type DefensiveMaker struct {
    mu sync.Mutex
    results map[Attribute]result

func (d DefensiveMaker) Make(attrs Attributes) (Thing, error) {

    // has it been done already?
    if res, ok := d.results[attrs]; ok {
        // yeah, return the cached result
        return res.thing, res.err

    // not yet, do the real work
    thing, err := d.Maker.Make(attrs)

    // save the result
    d.results[attrs] = result{thing, err}

    return thing, err
This does work. However, the impact of doing this leads to all calls to Make(...) becoming serialized. If Make(...) takes a long time, all other callers are blocked. The question is, is it possible to unblock callers requesting attributes which have not yet been requested?

A less "blocky" approach

type inflight struct {
  ready chan struct{}
  thing Thing
  err   error
  1. On entry to Make lock a mutex.
  2. Look up the Attributes in a map[Attributes]*inflight calls to see if this has been requested yet.
  3. If it has already been requested:
    1. unlock the mutex.
    2. retrieve the ready channel stored on the inflight call struct.
    3. receive on the ready channel until it unblocks.
    4. return the inflight.thing and the inflight.err as the result of the call.
  4. If it has not yet been requested:
    1. first construct an inflight{ready: make(chan struct{})} struct with an unbuffered ready channel.
    2. defer closing the ready channel to notify other callers for the same Attributes.
    3. store a pointer to the inflight struct in the map, using the Attributes as a key.
    4. unlock the mutex (now other callers can safely share DefensiveMaker).
    5. do the real Make(...) call.
    6. capture the result on the originally constructed inflight pointer.
The advantage of this approach is that the time spent holding the Lock (worst case) is limited to retrieval/storage in a map and construction of inflight type. Calls for resources already inflight, block on the ready channel until the first successful call for the same Attributes finishes. Results for the same Attributes are calculated once, but different results for different Attributes can be calculated concurrently.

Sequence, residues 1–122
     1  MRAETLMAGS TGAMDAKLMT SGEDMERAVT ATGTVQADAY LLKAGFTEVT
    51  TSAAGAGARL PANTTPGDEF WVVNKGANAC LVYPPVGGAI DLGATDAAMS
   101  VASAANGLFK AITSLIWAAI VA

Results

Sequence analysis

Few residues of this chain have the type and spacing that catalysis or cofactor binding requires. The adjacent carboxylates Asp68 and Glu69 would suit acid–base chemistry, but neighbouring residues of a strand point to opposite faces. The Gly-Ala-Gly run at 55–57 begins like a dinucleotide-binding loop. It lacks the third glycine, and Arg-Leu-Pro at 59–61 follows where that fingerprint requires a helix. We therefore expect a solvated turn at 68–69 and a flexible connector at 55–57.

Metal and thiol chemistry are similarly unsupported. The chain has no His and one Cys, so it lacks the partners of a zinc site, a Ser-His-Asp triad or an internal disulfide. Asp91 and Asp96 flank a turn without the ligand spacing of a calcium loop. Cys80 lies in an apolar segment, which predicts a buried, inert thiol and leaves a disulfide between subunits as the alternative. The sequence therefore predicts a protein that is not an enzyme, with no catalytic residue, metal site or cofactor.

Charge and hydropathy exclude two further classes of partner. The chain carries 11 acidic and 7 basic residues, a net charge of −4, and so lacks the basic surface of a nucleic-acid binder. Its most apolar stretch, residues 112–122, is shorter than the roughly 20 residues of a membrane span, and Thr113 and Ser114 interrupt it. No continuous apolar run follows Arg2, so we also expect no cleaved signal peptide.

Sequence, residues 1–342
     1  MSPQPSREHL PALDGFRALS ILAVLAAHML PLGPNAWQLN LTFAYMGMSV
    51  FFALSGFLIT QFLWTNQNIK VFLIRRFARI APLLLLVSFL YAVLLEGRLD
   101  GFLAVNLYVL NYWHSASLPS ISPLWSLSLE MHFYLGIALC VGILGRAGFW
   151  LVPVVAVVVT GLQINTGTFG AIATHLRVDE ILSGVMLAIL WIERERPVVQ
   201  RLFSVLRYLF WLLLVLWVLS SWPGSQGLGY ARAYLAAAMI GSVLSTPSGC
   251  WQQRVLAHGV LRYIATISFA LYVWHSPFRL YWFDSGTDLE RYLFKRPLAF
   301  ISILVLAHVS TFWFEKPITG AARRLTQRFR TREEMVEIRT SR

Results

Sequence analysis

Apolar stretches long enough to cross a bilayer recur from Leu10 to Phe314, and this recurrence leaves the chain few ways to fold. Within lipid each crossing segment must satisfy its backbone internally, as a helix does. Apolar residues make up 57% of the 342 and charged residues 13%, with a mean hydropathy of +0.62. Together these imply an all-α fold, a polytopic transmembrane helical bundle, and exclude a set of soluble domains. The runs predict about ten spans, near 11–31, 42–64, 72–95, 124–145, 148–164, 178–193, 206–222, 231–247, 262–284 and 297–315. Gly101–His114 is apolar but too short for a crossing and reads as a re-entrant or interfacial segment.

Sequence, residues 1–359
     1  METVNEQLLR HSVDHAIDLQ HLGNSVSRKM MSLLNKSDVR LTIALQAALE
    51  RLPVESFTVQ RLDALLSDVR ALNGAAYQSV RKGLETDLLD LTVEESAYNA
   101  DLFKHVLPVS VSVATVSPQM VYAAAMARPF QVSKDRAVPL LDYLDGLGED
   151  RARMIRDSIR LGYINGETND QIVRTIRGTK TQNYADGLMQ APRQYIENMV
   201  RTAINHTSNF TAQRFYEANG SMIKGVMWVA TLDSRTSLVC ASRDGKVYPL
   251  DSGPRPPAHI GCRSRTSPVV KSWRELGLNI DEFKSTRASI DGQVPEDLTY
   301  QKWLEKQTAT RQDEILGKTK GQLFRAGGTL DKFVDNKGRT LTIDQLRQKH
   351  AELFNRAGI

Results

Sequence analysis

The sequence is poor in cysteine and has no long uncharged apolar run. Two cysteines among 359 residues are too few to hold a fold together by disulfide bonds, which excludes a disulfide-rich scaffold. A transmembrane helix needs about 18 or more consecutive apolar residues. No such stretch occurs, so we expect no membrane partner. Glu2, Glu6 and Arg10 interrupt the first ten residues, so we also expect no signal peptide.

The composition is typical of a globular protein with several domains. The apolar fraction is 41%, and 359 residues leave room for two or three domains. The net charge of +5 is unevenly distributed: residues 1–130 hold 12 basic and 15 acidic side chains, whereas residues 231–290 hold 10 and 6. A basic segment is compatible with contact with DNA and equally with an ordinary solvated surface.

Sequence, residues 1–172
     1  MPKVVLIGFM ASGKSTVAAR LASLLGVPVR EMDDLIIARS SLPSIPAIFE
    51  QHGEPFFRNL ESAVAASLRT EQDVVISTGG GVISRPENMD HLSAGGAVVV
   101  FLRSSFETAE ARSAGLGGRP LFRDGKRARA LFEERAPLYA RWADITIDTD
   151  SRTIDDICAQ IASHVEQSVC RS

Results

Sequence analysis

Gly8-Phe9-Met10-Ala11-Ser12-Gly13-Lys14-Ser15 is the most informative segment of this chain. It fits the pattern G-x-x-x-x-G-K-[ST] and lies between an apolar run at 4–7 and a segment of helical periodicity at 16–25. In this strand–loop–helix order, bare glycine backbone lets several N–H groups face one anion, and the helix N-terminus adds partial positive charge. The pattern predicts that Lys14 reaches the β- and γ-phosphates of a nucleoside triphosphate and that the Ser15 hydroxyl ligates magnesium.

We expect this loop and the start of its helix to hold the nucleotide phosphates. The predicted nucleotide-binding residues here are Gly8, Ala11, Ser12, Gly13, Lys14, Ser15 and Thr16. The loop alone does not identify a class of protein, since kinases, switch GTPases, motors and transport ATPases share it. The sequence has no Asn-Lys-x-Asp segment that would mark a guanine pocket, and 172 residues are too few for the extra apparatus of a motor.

Let's see this in Go:
type DefensiveMaker struct {

    mu      sync.Mutex
    results map[Attribute]*inflight

func (d DefensiveMaker) Make(attrs Attributes) (Thing, error) {

    // has it been done already?
    if res, ok := d.results[attrs]; ok {
        // yeah, so don't hold up any other callers
        // we can wait on the inflight ready channel

        // wait until result is ready

        // return the cached result
        return res.thing, res.err

    // construct an inflight to track the call against
    inflight := inflight{ready: make(chan struct{})}

    // defer closing ready channel to notify callers with the same attributes
    defer close(inflight.ready)

    // save the inflight call for others to get notified on
    d.results[attrs] = &inflight

    // unblock other callers

    // delegate to the embedded and save the result on the inflight 
    inflight.thing, inflight.err = d.Maker.Make(attrs)

    return inflight.thing, inflight.err 
Now any implementation of the Maker interface can be decorated and protected against nasty, greedy callers. Ideally we would whip the callers in to shape and we wouldn't have to be so defensive. However, in the real world we don't always have the time or resources to undertake larger refactors like that. In the short term we can use the lovely Go concurrency primitives and libraries to keep our code safe!